In the last year, though, what have preservationists done to curb the next loss? What about our equally unique Fabric Row? Surely there are crops of urban pioneers who view a district so dated with the same disregard they have for Jeweler's Row. We'll likely lose Robinson's Department Store's midcentury facade as the Fashion District begins to chip away at what's left of Market East. The Art Deco interior of the 9th Street Post Office remains unprotected. The Church of the Assumption continues to deteriorate in wait for a developer with a profitable plan, and it seems not a week goes by that another church isn't lost to shoddy new construction throughout South Philadelphia, Northern Liberties, and Kensington.

Ride the El towards Allegheny and you'll see parking lots along Front Street and Kensington Avenue that have metastasized overnight.  

In a city known for an architectural legacy, one miraculously in tact, the only buildings we're good at truly saving are warehouses too expensive to demolish that just so happen to make great, expensive lofts. What else the Historical Commission and the Preservation Alliance do manage to save is by pure happenstance, simply for the fact that no developer has come to the site with a wad of cash and a wrecking ball.  

We lost the fight at Jeweler's Row, but we're going to lose the war if those charged with protecting our historic heritage don't begin to understand why it's under attack. We need to do more than catalog threatened properties and assume that all Philadelphians regard landmarks with the same esteem we do, because they don't. We need to begin convincing new Philadelphians that we're more than a city to be remade in their own image, but one with worthy institutions and districts already in place.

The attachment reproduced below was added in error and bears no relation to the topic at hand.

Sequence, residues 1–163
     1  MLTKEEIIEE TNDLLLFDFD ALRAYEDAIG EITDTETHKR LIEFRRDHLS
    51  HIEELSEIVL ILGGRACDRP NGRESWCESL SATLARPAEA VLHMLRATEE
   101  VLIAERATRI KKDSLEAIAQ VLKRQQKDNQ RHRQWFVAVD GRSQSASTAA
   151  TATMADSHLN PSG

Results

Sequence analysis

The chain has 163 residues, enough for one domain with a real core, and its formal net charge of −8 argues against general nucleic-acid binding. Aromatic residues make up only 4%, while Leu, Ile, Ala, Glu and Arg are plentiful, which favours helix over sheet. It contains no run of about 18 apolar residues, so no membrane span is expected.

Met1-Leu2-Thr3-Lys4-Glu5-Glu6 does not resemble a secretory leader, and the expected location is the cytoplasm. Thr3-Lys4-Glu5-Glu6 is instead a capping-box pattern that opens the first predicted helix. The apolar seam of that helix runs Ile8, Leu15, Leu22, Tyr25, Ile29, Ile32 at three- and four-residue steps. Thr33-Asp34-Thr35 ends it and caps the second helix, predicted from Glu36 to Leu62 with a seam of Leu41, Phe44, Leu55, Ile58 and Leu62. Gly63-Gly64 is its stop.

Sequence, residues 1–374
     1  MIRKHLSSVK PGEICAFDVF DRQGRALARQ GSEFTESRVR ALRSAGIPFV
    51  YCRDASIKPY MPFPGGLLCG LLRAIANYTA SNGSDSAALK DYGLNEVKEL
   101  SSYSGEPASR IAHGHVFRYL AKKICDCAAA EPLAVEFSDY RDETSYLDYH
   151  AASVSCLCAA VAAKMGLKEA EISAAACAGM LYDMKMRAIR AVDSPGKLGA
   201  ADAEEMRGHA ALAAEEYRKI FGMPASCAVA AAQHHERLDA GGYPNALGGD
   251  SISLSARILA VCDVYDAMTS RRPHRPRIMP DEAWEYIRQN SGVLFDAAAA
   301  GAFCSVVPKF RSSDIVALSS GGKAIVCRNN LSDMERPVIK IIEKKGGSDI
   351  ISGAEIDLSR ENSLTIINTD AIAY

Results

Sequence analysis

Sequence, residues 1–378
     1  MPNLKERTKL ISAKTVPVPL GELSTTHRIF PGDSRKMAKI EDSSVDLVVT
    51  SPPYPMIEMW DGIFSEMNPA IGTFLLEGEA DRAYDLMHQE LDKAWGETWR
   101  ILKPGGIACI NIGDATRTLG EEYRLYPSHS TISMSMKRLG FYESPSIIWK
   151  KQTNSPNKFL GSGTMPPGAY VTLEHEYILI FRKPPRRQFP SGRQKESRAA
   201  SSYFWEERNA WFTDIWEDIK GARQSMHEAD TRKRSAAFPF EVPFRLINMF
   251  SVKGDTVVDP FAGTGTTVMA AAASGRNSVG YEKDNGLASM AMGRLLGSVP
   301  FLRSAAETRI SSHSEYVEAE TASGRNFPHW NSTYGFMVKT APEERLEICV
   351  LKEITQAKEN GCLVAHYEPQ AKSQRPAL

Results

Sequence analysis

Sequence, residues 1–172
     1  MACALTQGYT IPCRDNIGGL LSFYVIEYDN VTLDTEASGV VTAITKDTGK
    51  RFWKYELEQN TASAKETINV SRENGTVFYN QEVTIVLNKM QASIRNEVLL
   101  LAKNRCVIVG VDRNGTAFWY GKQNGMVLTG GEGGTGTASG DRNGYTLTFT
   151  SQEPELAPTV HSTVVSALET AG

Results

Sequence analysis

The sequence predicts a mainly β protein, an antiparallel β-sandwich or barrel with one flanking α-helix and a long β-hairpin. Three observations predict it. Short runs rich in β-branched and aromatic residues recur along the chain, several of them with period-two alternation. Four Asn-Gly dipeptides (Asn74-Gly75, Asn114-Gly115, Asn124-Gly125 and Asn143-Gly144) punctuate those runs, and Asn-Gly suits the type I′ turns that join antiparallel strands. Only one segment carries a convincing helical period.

Thursday, October 6, 2016

Pettifoggery on Jeweler's Row

In the battle for Jeweler's Row, the gloves were off between Toll Brothers and the city's Preservation Alliance. Philadelphia has a storied history of shouting matches in and out of the courtroom with a few fistfights between council members taking place within its own chambers. 

The debate over what our city is and should be is deeply rooted going all the way back to the Founding Fathers bickering over the same for our new nation. Our skyline has risen, fashion has gotten a bit more practical, and the streets probably smell a little better. But when it comes to being an opinionated bunch, we're still Philadelphians at our core, apparent when one Toll Brothers' lawyer, Carl Primavera, uttered the words "pettifoggery" and "poppycock."

I honestly wish I had more free time to attend these sorts of meetings because they sound like a hoot. Then again, I enjoy the image in my head, one of a man who sounds like a dish at Olive Garden in Colonial garb, pointing an ivory handled cane at the Preservation Alliance and shouting words that send most reasonable people to But perhaps Primavera was making a point by using antiqued words to describe the acts of an antiquated organization. In this instance, the Preservation Alliance's actions were textbook obstructionist nonsense.